Fifth Graders Learn Through Giving

Portions of this article contributed by Jessica Pomeroy, Fifth Grade Teacher

This spring, a small group of dedicated fifth graders worked together to organize a donations drive for 
St. Jude Children’s Research Hospital. Organizers Diya Bhatia ’22, Hyeri Chun ’22, Emma Lagana ’22, Sunaya
 Mueller ’22, Naz and Nehir Ozden ’22, and Sophia Seriale ’22 started by inviting classmates to donate gently used toys and books for resale. During their recess periods and after school, they sorted the materials, put prices on them, and created flyers advertising the sale. Since they thought most of the items would appeal to younger students, they decided that the sale would be for students in kindergarten and first 
& second grades.

The effort was the brainchild of Emma Lagana, who says the idea of helping children at St. Jude came to her last Christmas when she was reflecting on how fortunate she is. She pitched the idea to the other fifth graders, who decided they wanted to help. The event ultimately raised more than $500. She says, “The day of the sale, I felt really excited and nervous. During the entire process, I learned how to work with a group and how to keep organized. Overall, it was a great experience, and I’m glad that we helped St. Jude!”

A natural outcome from this effort was the realization that the eight traits that D-E has identified for non-cognitive assessment — engagement, perseverance, risk-taking, critical thinking, collaboration, creativity, daily preparation, and organization — can motivate and nurture constructive learning skills!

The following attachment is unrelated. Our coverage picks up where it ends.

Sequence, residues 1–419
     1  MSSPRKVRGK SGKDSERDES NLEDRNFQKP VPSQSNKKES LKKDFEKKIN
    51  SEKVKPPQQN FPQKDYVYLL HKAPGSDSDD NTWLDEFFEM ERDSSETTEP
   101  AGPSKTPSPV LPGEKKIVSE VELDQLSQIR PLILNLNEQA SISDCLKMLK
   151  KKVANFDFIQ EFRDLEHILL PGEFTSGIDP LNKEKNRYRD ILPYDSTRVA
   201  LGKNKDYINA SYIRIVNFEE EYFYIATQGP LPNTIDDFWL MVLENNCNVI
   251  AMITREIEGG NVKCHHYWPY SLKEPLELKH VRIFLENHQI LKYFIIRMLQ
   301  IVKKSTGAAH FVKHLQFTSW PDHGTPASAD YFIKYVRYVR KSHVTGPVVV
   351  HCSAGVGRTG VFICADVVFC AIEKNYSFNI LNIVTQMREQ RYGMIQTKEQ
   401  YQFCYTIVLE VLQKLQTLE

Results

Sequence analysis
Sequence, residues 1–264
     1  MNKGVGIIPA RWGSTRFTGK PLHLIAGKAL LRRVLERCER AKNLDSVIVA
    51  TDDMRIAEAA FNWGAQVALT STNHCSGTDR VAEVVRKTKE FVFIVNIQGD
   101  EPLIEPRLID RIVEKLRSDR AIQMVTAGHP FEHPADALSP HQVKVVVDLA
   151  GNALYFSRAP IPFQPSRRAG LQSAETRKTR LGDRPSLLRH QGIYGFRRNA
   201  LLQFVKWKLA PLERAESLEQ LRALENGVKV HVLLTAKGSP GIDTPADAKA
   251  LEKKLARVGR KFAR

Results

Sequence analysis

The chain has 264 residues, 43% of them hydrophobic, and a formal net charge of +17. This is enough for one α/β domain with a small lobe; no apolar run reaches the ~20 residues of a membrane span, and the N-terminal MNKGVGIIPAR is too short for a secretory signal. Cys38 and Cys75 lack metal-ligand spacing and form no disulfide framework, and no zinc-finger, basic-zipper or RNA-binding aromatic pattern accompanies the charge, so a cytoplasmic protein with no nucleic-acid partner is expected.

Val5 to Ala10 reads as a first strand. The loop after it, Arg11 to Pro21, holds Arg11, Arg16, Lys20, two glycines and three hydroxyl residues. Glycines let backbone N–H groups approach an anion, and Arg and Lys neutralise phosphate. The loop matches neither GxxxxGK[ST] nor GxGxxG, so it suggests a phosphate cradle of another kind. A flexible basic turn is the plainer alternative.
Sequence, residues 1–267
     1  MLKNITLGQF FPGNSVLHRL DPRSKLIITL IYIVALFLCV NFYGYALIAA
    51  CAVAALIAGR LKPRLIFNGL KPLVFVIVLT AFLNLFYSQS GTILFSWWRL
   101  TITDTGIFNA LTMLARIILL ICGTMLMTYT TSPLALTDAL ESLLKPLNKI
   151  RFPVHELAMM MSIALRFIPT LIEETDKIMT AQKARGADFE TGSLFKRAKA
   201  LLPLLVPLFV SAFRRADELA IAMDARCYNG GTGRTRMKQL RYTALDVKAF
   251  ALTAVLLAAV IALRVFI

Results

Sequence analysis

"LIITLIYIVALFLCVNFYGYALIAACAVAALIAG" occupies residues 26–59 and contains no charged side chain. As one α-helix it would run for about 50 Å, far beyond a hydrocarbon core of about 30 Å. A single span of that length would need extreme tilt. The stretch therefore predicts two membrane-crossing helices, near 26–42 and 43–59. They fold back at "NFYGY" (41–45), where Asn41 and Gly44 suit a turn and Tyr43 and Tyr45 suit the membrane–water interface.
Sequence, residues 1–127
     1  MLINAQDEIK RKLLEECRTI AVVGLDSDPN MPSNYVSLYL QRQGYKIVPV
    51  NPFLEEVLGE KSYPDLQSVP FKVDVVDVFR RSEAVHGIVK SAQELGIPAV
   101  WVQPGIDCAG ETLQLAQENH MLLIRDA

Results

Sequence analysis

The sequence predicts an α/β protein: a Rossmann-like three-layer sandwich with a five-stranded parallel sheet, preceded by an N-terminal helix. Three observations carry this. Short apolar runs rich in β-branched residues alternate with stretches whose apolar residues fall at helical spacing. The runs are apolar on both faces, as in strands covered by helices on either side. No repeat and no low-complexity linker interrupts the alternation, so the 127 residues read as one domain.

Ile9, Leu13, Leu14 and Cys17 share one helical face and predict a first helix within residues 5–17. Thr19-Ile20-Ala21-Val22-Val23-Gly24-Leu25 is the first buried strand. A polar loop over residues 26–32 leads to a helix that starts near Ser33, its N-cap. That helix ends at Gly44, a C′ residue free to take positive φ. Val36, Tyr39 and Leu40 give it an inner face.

The students had to organize the materials that were brought in over several days. They had to collaborate with each other in terms of pricing the materials, setting up the sale tables, and deciding who was going to work the sale tables and when. Also, the students had to persevere. When at first it seemed like there were not enough materials donated to even have the sale, the students repeatedly appealed to their peers to keep on donating. They didn’t want to give up on their idea of raising money for others.

It was a great process for the students to think of a way to give back to the community and see it through to completion. It was also heartwarming to see these students deal with potential challenges in a constructive way. In the end, it was clear that their project was fulfilling, and this made them quite proud as well as clearly very happy.


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